Whither the Startup Factories? Bethnal Green Ventures, an early social enterprise accelerator, sees plenty of opportunities (- more than it can handle at present); it draws more widely, it is constantly refining its programme, it offers more support, and over a longer period, and now has follow-on funding available.
Bethnal Green Ventures (BGV), the first Startup Factory specialising in environmental and social problems in the UK, now runs two 12-week full-time programmes a year, each cohort of approximately ten ‘tech for good’ startups.
It helps run what it calls a ‘meetup group’ – of over 8,000 people – in London and other locations, through whom it gets around 200 applicants for every new cohort. 40 of these go through to interview before the final 10 are chosen. Key selection criteria include the potential for a positive impact and the motivation of founders. Those selected are offered £20k and make 6% of their equity over to BGV.
In their three months, they will come up with a plan to exploit their idea (many are about the NHS; and now energy too), a plan that can withstand scrutiny and will achieve the numbers they envisage (BGV is often able to help them find their potential customers; as it is to help them find impact investors, though the sector does not yet have enough potential investors who understand the sector. (BGV is looking to start a fund for individual investors; and another for institutional funds)).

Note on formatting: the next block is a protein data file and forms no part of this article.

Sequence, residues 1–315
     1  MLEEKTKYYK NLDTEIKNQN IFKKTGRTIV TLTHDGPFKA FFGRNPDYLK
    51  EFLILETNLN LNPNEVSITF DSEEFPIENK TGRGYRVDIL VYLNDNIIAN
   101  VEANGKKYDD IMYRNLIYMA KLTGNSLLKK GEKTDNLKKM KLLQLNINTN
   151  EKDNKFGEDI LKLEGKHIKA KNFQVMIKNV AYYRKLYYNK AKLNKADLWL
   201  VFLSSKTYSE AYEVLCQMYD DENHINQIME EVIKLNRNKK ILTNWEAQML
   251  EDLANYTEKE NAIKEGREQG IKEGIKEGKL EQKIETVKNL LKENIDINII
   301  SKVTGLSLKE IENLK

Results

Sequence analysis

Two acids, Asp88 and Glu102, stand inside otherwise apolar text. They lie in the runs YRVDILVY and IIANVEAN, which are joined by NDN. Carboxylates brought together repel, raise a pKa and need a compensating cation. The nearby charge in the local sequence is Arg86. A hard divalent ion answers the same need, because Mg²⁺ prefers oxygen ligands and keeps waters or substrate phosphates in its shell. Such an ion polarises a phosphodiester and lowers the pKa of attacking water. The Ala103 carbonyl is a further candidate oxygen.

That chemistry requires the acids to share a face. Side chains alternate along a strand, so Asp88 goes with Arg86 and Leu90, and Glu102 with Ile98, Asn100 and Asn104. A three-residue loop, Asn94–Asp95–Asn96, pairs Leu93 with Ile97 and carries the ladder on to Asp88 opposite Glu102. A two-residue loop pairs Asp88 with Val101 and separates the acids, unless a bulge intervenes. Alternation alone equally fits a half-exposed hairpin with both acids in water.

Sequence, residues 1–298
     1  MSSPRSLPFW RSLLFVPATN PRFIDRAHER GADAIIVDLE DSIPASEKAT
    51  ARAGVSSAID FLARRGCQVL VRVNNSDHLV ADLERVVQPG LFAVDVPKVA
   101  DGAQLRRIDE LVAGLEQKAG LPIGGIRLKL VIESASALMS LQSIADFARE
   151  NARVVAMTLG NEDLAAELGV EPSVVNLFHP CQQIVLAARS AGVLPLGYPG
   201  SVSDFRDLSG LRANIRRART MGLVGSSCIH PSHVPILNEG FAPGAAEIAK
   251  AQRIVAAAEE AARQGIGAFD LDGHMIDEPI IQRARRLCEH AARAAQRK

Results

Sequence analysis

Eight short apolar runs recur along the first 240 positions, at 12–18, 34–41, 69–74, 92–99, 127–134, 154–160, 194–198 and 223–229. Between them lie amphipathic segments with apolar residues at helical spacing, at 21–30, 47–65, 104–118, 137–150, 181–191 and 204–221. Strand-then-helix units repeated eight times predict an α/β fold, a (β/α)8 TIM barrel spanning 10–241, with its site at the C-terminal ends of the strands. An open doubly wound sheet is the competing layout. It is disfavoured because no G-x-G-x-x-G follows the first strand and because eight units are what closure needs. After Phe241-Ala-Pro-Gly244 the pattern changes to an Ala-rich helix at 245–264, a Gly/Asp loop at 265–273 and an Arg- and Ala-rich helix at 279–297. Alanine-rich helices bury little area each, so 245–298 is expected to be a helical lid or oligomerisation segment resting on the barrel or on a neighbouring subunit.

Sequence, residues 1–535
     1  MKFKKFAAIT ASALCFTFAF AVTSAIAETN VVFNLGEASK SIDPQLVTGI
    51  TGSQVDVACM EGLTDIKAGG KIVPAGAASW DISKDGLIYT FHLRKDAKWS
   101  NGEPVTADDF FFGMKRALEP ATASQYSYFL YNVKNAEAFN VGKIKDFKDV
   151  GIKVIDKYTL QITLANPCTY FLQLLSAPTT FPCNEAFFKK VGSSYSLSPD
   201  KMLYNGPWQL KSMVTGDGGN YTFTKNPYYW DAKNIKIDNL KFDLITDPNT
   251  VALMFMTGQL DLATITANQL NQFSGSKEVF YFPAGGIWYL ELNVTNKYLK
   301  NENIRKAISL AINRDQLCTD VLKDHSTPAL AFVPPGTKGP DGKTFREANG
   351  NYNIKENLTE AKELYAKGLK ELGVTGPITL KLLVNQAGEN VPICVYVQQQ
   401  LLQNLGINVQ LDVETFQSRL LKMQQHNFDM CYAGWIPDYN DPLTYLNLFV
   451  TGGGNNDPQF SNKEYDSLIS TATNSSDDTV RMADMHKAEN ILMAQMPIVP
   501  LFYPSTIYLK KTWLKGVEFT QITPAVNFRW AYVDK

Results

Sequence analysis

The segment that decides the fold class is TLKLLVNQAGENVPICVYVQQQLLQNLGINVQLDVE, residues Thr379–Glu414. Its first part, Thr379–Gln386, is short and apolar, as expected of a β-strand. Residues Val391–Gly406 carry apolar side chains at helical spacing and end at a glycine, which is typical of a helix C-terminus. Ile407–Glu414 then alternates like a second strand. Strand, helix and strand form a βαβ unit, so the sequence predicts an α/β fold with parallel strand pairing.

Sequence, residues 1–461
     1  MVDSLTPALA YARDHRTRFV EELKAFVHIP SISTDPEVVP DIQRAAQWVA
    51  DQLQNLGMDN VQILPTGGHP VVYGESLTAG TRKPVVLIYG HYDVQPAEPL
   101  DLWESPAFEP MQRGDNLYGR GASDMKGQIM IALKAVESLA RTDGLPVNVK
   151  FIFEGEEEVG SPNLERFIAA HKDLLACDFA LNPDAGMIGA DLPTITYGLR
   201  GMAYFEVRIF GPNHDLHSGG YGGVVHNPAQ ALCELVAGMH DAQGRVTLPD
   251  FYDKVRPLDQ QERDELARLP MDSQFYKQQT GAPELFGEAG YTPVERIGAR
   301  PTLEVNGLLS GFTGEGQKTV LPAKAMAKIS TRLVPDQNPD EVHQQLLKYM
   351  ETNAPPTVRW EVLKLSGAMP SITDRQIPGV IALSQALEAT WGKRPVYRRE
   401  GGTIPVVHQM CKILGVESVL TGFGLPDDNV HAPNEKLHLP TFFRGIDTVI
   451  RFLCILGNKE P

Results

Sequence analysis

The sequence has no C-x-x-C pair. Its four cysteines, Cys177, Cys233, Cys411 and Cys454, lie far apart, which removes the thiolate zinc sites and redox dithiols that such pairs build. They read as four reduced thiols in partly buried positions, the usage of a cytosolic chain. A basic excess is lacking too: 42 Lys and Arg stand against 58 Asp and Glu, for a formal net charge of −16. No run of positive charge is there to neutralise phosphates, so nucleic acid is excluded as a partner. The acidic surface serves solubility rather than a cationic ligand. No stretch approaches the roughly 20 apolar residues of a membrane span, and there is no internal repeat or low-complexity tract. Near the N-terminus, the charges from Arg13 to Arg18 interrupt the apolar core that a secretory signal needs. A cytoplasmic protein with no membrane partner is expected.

It has funded 113 startups since it opened its doors in 2012 (its founding partners were Nesta and the Nominet Trust now called the Social Tech Trust), of which around 60 are still active but Paul Miller, its architect, reckons that perhaps 1 in 20 might achieve an exit value in excess of £50mn, and that a cohort will lose 50% of its remaining businesses every two years. [No doubt many of those involved will have gone on to play roles in other social enterprises.]
Many accelerators have been drawn, by virtue of the focus of VC funders onto exits, to prefer small businesses that are near to market, and to focus increasingly on after-care (leaving space for new pre-accelerator programmes and part-time ‘injection’ programmes.) Where Techstars now offers ‘graduates’ a substantial sum in the form of a convertible loan, BGV is now able to offer up to £50k of investment (alongside angels).
Of its 8 staff, 2 deal with sourcing startups and communications, 4 support the growth of the startups in each cohort and are responsible for investment and helping teams to find the funding they need for their continued growth and 2 look after the operations of the organisation.
BGV sees its model as working well; its investments as rising in value; but also that it is missing opportunities because of a shortage of capital to invest. And it is seeking a new home – probably in a co-working space in east London.
John Whatmore, March 2019